American River College’s men’s tennis team look prepared for the start of the 2017 season and prepared to defend their 2016 NorCal title.
After finishing last season with a 10-0 record in conference play and clinching a fifth consecutive Big 8 title, the Beavers beat Foothill College 5-2 to win the NorCal championship in April, before losing to Irvine Valley in the State Championship eventually ending with a 17-3 record.
The team only has two returning players this season in Justin Barton and Cody Duong, but its players say they don’t think the team hast suffered as a result.
“We’re feeling pretty good with this roster,” Barton said. “We lost a lot of guys but we’re still pretty deep and they’re all good guys so it could be pretty fun.”Duong agreed with this assessment.
“I think the new roster is pretty good,” Duong said. “We have a lot of new kids but the chemistry is still there and it feels like we’re all returners. That’s the good part about this team.”
The team finished the last of its two preseason scrimmage games against Division I school St. Mary’s College and Division II school Holy Names University, before the season starts on Feb. 3.
Coach Bo Jabery-Madison said that having the team playing scrimmages against four year universities has helped it get ready for the tough matches ahead.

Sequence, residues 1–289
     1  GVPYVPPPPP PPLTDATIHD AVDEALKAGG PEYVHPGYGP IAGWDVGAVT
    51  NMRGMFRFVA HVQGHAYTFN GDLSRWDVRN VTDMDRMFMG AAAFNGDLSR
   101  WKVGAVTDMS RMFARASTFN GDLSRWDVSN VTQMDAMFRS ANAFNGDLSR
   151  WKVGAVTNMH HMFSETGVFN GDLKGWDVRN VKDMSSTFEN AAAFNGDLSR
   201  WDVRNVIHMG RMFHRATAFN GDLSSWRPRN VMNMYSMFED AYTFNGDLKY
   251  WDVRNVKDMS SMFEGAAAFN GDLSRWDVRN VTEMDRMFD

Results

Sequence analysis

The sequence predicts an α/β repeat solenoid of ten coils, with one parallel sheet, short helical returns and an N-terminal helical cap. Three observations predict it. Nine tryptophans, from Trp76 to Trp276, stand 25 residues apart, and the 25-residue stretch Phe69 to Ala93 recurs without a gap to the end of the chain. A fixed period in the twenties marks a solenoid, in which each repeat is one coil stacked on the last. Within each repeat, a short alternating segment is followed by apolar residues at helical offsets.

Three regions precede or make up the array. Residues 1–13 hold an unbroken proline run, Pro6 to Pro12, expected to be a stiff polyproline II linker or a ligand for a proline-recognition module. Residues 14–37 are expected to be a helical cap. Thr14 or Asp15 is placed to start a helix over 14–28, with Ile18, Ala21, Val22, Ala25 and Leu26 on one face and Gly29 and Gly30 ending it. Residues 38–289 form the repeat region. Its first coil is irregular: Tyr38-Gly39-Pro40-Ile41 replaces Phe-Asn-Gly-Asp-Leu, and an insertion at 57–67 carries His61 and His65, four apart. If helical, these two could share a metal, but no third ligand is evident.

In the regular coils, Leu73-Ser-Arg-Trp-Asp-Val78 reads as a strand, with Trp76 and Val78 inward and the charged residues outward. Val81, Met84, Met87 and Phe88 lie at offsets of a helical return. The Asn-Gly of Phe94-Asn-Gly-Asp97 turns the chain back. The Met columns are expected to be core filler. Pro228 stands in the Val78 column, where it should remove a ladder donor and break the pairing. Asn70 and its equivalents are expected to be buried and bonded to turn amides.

“These scrimmages are definitely good,” Jabery-Madison said. “Our conference might not be this level, but if we want to do well in NorCal and State, this is the competition that we need to get used to playing because this is what it’s going to be.”
Assistant coach Patrick Johnson, who transferred to Holy Names from ARC in 2014, echoed that sentiment calling that it is a “great opportunity.”
“Most of these players are looking to transfer and it gives a chance for these universities to come out and see if any of them will fit well with their program,” Johnson said.
Both coaches say that despite their continued success and titles, there is no added pressure to perform and the game plan has stayed the same over the years.
“You get out there and play as hard as you can, you play with a purpose, and you let the chips fall where they lie,” Jabery-Madison said. “When you talk about added pressure, that would only come if we felt like winning was the most important thing. Learning is the most important thing, in the classroom and on the court.”
“We don’t look at trying to win state because that’s not our goal,” Johnson said. “Our goal is to try to be on top of our classes and on top of our tennis.”
The Beavers first game of the season will take place Friday at Cosumnes River College.